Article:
He's just getting the characters confused - the Poles were involved: they developed the first versions of the "bombe" devices used for attacking the Enigma encryption.

    • by Blakey Rat (99501)

      That's nothing. The "I fear all we have done is to awaken a sleeping giant" quote frequently attributed to Admiral Yamamoto? He never said that. It was invented by the screenwriters of Tora! Tora! Tora!

      So, while the story here might have a point, why does Hollywood get a pass? They've altered a lot more historical events than the gaming industry.

  • by Anonymous Coward on Friday October 23, 2009 @03:55AM (#29843509)

    The idea that history is "factual" rather than a rolling series of arguments is both interesting and amusing.

    I wonder, with what vehemence, slashdotters would react if historians of science and technology ceased reporting on the human practice of science, and began advising on code design?

    "Games have utilized historical narrative extensively, but to what extent does the platform take liberties with, and perhaps misuse it."

    Mainstream media rarely depicts the historian's conception of history as currently practiced. At best it is Whig history (telling history to create moral lessons for today). At worst it is a fantasy purporting to a relationship with reality. Do you really expect games to speak into the complex construction of self-identity? The formation of power within classes leading to social conflict? The institutional factors behind the limits of political decision making within and between states? Or the emergence of sub-altern narratives (the utterly voiceless repressed) through careful emergence of non-standard documentary traditions?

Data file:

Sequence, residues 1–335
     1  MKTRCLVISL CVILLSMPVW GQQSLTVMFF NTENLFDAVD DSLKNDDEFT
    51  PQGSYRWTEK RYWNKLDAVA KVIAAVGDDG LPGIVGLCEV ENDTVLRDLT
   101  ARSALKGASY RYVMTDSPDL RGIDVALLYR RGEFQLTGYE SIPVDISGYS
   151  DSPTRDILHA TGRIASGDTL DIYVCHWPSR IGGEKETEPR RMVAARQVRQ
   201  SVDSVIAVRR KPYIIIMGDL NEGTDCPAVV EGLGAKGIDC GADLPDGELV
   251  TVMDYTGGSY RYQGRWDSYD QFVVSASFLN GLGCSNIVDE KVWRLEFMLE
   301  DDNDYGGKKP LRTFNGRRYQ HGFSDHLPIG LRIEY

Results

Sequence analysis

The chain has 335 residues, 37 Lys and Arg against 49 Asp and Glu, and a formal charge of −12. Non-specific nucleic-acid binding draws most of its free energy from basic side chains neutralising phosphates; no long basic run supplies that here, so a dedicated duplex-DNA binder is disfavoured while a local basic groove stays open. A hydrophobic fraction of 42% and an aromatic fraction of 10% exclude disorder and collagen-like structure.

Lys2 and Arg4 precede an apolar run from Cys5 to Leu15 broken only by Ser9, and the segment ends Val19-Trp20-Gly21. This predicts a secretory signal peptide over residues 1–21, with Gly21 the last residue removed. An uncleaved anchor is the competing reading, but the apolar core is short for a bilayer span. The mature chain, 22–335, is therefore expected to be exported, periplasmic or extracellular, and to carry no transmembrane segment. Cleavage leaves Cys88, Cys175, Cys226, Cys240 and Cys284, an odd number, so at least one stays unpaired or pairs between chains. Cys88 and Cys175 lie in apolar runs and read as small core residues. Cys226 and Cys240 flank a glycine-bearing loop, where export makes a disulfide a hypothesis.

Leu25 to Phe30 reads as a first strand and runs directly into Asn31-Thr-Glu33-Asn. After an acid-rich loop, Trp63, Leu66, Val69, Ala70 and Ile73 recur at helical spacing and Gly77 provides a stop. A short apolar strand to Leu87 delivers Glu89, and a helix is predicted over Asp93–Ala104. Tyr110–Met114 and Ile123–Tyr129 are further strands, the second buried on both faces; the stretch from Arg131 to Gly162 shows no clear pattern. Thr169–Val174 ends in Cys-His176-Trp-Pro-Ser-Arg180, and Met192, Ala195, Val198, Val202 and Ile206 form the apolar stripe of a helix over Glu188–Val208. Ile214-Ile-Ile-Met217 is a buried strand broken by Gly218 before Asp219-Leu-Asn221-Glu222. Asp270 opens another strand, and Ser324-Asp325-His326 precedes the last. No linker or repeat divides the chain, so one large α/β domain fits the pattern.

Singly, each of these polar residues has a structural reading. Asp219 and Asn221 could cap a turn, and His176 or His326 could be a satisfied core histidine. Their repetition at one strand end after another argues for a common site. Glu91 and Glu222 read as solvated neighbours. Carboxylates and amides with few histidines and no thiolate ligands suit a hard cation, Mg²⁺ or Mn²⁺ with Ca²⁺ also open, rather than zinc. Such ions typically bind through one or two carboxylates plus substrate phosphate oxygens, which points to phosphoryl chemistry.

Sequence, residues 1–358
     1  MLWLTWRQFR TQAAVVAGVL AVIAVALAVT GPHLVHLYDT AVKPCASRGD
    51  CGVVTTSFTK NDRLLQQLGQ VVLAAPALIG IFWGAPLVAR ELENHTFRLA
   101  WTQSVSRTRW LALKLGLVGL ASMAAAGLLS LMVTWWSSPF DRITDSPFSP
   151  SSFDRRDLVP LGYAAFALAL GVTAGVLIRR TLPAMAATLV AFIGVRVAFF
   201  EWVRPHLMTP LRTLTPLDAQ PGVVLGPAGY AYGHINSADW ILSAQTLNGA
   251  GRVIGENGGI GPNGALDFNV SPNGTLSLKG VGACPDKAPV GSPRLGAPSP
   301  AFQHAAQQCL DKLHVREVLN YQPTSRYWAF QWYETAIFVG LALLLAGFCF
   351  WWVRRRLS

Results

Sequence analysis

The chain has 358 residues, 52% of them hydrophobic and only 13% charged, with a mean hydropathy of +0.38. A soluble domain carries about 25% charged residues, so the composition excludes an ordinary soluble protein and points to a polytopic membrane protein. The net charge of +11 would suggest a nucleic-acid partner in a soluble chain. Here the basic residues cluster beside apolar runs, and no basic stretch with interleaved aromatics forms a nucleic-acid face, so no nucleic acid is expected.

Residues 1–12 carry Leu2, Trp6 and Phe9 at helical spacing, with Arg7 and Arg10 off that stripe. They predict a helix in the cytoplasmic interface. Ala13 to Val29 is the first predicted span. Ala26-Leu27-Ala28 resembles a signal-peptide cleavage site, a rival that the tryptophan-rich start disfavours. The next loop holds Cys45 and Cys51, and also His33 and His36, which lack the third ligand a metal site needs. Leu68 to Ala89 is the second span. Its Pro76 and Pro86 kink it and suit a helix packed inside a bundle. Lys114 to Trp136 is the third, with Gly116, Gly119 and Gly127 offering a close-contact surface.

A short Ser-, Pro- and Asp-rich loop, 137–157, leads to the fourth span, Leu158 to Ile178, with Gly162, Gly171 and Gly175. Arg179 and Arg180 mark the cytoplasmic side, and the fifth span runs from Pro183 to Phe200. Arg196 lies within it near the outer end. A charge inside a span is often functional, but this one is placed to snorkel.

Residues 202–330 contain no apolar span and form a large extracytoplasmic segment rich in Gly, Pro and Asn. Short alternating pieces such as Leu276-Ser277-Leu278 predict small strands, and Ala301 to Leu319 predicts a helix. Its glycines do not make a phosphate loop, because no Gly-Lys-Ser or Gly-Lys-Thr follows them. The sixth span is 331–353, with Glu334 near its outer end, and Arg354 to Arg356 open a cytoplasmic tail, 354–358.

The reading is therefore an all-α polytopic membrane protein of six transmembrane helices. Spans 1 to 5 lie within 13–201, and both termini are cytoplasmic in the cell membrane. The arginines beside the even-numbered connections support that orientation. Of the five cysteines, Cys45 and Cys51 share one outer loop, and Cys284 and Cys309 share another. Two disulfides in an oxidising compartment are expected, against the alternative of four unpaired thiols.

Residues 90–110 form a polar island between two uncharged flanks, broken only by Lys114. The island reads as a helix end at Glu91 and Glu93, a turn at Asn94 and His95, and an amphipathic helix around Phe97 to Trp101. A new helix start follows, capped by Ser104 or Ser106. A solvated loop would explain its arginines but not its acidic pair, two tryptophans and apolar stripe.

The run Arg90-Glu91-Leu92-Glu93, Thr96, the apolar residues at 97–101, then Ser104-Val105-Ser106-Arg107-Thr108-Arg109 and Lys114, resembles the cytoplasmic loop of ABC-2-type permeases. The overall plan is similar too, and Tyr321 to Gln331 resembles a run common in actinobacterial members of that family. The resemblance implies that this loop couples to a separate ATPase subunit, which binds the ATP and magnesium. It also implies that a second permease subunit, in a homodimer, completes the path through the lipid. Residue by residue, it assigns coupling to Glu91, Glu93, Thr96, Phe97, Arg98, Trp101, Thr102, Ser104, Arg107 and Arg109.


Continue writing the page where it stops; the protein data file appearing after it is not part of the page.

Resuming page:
At best your demand is Grognard: that the belt-buckles are accurate and that Division X was not in Location Y. If you truely want to look at games serving history, look up Stalin, a three turn economy simulator designed to test Stalin / Trotsky / Bukharinite debates about preventable deaths.

    • Re: (Score:2, Informative)

      by Anonymous Coward
      First of all, the full title "Stalin's Dilemma" is so so so much more googleable. Second of all, it's not really THAT hard to provide the link, is it? Copypasta of your 'Stalin, a three turn economy simulator' has it on lucky.

      http://playthisthing.com/stalins-dilemma [playthisthing.com]
    • by elrous0 (869638) *
      How about a WWII FPS that starts with you negotiating German reparations at Versailles, progresses through the effect of hyper-inflation on the German psyche, follows the competition between National Socialism and Marxism for populist support--all leading up the a brief period of warfare and an epilogue of mass rapes, economic devastation, and simmering hostility and distrust between the Soviets and the other former allied powers. Sounds like fun to me.
      • As a RTS, if you start early enough, there's Hearts of Iron II from Paradox. Well, or Victoria with the Revolutions addon with the Great War scenario, but it will stop in 1934 just in time for the Nazis to take over.

        As a RPG/FPS/First Person something, it could make an epic game of intrigue. And it would be pretty damn bleak, then again, if you like bleak... [wikipedia.org]

    • I disagree with some of what you said above, and I agree with some of it. I'm not going to bother highlighting either as that would require that I re-read it and quote it, which might cause my ass to bleed from the self-importance and grandiosity of your post. Allows me to summarize for others who might wish to debate:

      1: History is open to interpretation.
      2: Entertainment is historically inaccurate.
      3: History is about concepts, not facts.